Saleh et al. [45] stated “PU education program as a powerful tool for nurses to improve understanding of PU, keep abreast of current knowledge on PU, and eliminate patient’s suffering”. Feng et al. [46] suggested that an education programme for PU prevention not only show an increase in staff knowledge also it leads to a significant decrease in incidents of PUs. Lack of multidisciplinary initiative is another nurses’ obstacle to put into practice PU prevention. PU prevention needs multidisciplinary efforts and teamwork to contribute to successful care [26]. PU prevention practice is not only the nurses’ responsibility though it is an integral part of intensive care nursing [47].


The study presents some limitations that need to be considered. Randomly selected participants may have been less motivated to complete the knowledge questionnaire, and the results might be too poor. Pretest was not conducted given the importance to use validate instruments. In addition, though nurses were informed not to exchange ideas and answers, diffuse information with each other and not to refer textbooks when completing the questionnaire, we have no guarantee if they complied with this instruction. However, we believed that the result of this study could be generalizable to all nurses working in the public hospitals in Wollega since the similar type of nursing education they receive and PU prevention points they practice.


This study demonstrates that majority of the nurses have insufficient knowledge to practice pressure ulcer prevention. Nurses who read articles reading articles and attended training in the showed a significant difference to PU knowledge score. Shortage of pressure relieving devices, lack of staff/heavy workload and inadequate training were the most frequently cited nurses’ barriers to practice PU prevention. Providing opportunity to access resources (readable about and pressure reliving devices to) PU prevention, in-service training/regular training, incorporating and prioritizing in nursing curriculum, and formulating guidelines are some of the primary points to enhance nurses’ knowledge about pressure ulcer prevention. Further research on using observational studies is needed to determine the actual rather than the perceived practice to PU prevention.



Intensive Care Unit


Pressure Ulcer


Pressure Knowledge Test


Standard Deviation


Statistical Package for Social Sciences


Unites States of America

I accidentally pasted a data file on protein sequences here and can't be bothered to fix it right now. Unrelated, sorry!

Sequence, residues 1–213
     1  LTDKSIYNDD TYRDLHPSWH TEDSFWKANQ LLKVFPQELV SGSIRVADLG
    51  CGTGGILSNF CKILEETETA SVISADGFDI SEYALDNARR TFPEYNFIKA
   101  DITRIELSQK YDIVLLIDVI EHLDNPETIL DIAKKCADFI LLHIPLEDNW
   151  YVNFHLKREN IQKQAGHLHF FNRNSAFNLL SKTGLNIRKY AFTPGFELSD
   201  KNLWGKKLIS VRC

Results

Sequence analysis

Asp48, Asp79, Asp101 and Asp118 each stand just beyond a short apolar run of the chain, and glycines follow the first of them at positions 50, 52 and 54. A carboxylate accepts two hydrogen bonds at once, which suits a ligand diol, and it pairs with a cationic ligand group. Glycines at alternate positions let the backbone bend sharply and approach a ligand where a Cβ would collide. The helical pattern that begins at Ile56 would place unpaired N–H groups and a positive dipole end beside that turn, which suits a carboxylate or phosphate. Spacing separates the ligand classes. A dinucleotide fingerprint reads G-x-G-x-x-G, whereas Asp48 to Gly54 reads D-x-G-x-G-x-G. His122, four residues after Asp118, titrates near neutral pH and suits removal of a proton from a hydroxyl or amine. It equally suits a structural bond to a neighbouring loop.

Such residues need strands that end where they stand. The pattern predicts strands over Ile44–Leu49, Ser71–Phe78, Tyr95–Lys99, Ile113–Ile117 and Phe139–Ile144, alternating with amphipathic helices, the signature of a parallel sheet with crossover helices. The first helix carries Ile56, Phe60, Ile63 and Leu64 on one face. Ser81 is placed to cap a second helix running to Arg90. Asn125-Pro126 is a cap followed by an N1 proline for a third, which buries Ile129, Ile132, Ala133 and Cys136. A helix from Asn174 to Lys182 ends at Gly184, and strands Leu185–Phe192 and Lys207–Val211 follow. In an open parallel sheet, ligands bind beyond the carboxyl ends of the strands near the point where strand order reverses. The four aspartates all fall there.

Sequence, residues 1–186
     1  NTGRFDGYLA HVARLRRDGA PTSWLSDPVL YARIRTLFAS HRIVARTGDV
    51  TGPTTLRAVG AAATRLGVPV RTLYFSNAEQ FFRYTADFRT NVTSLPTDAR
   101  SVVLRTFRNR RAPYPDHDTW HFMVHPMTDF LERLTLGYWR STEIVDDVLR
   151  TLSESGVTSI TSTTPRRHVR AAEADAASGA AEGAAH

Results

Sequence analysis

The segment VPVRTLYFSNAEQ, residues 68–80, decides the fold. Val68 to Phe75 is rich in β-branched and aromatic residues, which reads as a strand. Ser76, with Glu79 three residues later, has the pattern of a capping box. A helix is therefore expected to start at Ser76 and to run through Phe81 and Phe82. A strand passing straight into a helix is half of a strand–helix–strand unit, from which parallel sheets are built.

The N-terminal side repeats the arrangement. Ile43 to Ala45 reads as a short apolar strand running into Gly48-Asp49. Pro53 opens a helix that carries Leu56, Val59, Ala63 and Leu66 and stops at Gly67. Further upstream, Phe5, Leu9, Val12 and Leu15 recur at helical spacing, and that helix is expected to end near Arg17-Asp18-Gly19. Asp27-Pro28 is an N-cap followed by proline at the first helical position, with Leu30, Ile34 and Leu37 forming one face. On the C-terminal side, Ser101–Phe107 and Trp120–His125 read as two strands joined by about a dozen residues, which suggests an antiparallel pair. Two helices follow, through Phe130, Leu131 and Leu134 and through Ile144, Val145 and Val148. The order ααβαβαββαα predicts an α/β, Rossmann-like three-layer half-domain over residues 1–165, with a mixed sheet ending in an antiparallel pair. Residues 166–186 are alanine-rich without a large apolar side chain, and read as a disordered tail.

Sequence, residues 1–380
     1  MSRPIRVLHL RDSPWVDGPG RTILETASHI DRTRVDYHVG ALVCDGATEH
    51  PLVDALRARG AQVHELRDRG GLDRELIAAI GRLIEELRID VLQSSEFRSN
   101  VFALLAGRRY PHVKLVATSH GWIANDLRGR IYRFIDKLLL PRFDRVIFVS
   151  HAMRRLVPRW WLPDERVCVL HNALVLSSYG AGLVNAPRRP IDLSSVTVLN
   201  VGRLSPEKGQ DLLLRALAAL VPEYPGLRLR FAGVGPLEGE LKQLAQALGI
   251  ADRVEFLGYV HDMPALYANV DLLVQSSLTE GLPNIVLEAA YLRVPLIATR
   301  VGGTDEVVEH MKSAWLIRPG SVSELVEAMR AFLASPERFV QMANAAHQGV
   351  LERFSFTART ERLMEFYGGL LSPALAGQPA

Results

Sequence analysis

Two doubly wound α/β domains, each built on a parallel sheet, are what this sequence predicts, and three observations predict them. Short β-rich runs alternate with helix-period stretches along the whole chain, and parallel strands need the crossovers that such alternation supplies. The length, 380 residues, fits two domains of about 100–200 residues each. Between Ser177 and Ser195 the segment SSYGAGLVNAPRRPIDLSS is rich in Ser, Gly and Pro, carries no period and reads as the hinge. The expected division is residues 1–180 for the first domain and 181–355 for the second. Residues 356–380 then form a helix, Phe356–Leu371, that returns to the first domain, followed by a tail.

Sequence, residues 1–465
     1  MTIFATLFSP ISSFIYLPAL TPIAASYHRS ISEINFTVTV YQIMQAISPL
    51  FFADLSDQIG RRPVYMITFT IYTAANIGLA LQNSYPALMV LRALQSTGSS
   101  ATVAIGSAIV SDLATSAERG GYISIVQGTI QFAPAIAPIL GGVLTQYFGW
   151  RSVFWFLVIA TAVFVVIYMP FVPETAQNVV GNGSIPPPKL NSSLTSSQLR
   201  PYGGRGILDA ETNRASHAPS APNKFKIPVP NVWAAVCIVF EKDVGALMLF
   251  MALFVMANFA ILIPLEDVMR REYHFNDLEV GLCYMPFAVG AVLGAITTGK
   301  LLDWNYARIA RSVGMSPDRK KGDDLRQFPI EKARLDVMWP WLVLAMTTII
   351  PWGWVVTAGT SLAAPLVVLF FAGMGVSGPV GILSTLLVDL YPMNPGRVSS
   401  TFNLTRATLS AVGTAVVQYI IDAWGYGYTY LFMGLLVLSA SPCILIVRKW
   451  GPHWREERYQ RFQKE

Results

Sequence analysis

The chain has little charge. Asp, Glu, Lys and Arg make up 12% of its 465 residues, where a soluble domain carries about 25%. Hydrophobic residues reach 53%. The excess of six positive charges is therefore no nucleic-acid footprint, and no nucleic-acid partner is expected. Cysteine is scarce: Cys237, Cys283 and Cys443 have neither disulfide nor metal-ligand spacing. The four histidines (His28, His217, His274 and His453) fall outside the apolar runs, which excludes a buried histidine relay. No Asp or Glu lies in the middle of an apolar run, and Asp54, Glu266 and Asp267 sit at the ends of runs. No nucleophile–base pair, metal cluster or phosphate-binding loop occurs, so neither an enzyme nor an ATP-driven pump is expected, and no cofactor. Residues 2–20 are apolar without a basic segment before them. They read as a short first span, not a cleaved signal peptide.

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Our sincere gratitude goes to Wollega University, Institute of Health Science, for financial support. We would also like to extend our thanks to the data collectors, participants, hospitals directors, matrons, and head nurses for their support and cooperation.


The source of funding to carry out for this research was Wollega University. The funding organization has no role in the design of the study, collection, analysis, and interpretation of data and in writing the manuscript this was the role of authors.

Availability of data and materials

The datasets used and/or analyzed during the current study available from the corresponding author on reasonable request.

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WE committed to the drafting of proposal, design, analysis, and interpretation of the data, and manuscript preparation. GF contributed to data collection, analysis, interpretation and drafted manuscript. DA engaged in data collection and analysis of data. WE declared authors were notified and permitted to proceed to publish the work. All authors read and approved the final manuscript. WE agree to hold accountable for all aspects of the work hence any questions related to the accuracy or integrity of the work should be directed to WE. The authors declare that this manuscript has not been presented to any other journal for publication. All authors read and approved the final manuscript.

Corresponding author

Correspondence to Werku Etafa Ebi.

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Ethics approval and consent to participate

Ethical clearance was granted from Wollega University, Institute of Health Science, Department of Nursing Research Review Ethical Committee approved on 11/06/2018. Permission was obtained from each hospital administrative to conduct the study. All nurses were informed that their participation was voluntary and the procedure used did not pose any potential risk and their identities will be kept strictly confidential. Informed written consent forms were taken from all participants before participation.

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Not applicable.

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The authors declare that they have no competing interests.

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Additional file

Additional file 1:

Data collection tool. (DOCX 21 kb)

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Ebi, W.E., Hirko, G.F. & Mijena, D.A. Nurses’ knowledge to pressure ulcer prevention in public hospitals in Wollega: a cross-sectional study design. BMC Nurs 18, 20 (2019).